The Texas Commission on Environmental Quality should follow an administrative judge’s recommendation and require water testing by a company seeking to dump treated wastewater into a tributary flowing in Dickinson Bayou.
Clean Harbors San Leon Inc. in May 2015 applied for an amendment to its existing permit from the state environmental agency to discharge up to 105,000 gallons of treated wastewater and treated stormwater each day into a tributary on its property that flows to Dickinson Bayou.
The proposal quickly drew opposition from neighboring property owners and residents, particularly in San Leon, who worried the company’s plan will further pollute the bayou.
A coalition of residents, including local oyster company owners and representatives of the San Leon Municipal Utility District, protested and sought a hearing from the State Office of Administrative Hearings, which considers disputes over permits.
In a proposal for decision published April 24, Administrative Judge Joanne Summerhays ruled the draft permit had not required Clean Harbors to conduct whole effluent toxicity testing, or WET as it’s called, on its discharged wastewater, which is a violation of state code.
The judge recommended the amendment be accepted, but with the requirement.
The environmental commission will ultimately make the call on the amendment to the permit, but it weighs the administrative judge’s proposal.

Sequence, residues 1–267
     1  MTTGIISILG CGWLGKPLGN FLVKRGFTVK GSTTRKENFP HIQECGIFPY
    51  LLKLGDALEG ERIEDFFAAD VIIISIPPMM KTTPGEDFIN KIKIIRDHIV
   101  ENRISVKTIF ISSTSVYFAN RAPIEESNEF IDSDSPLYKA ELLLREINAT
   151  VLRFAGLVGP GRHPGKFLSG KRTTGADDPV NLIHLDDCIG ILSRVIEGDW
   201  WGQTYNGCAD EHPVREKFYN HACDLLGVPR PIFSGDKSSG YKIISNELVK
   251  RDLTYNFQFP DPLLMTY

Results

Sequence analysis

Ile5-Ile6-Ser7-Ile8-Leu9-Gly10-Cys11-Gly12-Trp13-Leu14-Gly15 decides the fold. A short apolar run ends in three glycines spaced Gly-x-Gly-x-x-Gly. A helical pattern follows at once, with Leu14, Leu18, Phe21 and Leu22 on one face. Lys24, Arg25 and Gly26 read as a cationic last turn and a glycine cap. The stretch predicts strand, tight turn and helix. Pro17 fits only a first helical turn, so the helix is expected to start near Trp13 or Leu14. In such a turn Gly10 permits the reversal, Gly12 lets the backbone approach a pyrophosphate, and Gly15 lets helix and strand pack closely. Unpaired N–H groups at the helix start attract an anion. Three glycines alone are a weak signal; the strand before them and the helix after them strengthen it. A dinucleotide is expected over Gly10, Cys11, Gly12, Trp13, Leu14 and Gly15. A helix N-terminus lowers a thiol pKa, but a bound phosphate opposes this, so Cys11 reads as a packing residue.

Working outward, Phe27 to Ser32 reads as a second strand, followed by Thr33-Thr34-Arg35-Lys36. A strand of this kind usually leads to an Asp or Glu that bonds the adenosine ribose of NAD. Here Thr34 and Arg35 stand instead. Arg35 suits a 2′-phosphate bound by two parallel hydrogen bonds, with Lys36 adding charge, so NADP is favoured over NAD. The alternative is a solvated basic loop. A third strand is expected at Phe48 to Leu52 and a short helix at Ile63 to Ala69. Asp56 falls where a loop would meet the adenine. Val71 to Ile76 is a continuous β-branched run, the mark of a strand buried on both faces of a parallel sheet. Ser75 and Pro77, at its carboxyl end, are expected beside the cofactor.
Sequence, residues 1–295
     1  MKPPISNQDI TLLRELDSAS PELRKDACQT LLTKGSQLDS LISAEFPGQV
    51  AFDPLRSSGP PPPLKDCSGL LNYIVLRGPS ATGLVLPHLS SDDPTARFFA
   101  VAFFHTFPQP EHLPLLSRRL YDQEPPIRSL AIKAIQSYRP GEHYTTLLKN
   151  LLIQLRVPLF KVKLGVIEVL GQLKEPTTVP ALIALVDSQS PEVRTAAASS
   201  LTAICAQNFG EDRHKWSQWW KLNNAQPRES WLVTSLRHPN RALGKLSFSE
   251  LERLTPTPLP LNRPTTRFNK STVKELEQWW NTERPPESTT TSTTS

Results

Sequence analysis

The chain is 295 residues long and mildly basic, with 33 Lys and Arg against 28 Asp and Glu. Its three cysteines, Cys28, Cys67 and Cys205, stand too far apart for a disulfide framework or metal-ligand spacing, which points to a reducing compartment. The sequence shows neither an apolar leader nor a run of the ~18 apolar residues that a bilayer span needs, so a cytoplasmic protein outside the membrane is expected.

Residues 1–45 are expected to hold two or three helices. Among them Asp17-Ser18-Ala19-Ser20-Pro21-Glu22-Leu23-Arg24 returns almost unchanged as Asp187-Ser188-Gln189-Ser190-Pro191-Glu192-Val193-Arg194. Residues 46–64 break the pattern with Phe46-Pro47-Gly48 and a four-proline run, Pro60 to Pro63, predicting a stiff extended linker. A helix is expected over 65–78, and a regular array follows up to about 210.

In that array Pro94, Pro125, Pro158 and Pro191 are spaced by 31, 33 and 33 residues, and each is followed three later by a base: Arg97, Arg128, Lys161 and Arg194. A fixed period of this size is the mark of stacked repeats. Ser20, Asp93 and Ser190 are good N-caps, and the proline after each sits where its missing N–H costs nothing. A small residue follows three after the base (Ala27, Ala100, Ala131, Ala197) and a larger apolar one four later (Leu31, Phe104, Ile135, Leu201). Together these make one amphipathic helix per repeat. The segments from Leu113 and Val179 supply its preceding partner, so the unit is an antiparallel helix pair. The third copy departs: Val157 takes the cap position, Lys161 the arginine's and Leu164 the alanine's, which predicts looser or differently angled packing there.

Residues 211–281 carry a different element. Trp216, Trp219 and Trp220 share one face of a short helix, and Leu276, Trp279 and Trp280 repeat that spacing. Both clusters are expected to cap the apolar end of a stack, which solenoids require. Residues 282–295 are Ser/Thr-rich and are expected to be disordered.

The state had almost allowed a company to dump more wastewater into unnamed waterways with little oversight or regulation over how it affects the environment, said Lisa Halili, an owner of Prestige Oysters in San Leon.
People who protested the plan celebrated Summerhays’ decision as a step in the right direction because it requires hazardous waste companies doing business in Galveston County to have some accountability in protecting the waterways.
“The recommendation to include WET testing is a very big win because it will require Clean Harbors to constantly monitor potential toxicity in receiving waters,” said Joe Manchaca, president of the San Leon Municipal Utility District.
The testing measures the toxic effects of pollutants on species specific to the area where it’s dumped, Summerhays said.
“WET testing is an integral tool in the assessment of water quality for the protection of aquatic life because it can measure both chronic and acute impacts on the survival, reproduction, or growth of test organisms,” Summerhays wrote.
The Texas Commission on Environmental Quality will review the proposal for decision and submit responses if there are any concerns or disagreements, agency spokeswoman Andrea Morrow said.
Once the process is complete, it will be scheduled for a monthly agenda meeting, Morrow said. The commissioners will then decide on the application, Morrow said.
Summerhays’ recommendation gets at a core question about whether the company permit application should be granted: would discharging 105,000 gallons a day of treated wastewater and stormwater into a tributary of Dickinson Bayou cause measurable harm to the environment?
Those supporting the application say it wouldn’t; those opposed are worried that it might.
The judge has provided a way to determine who’s right and the state should follow her lead.
• Michael A. Smith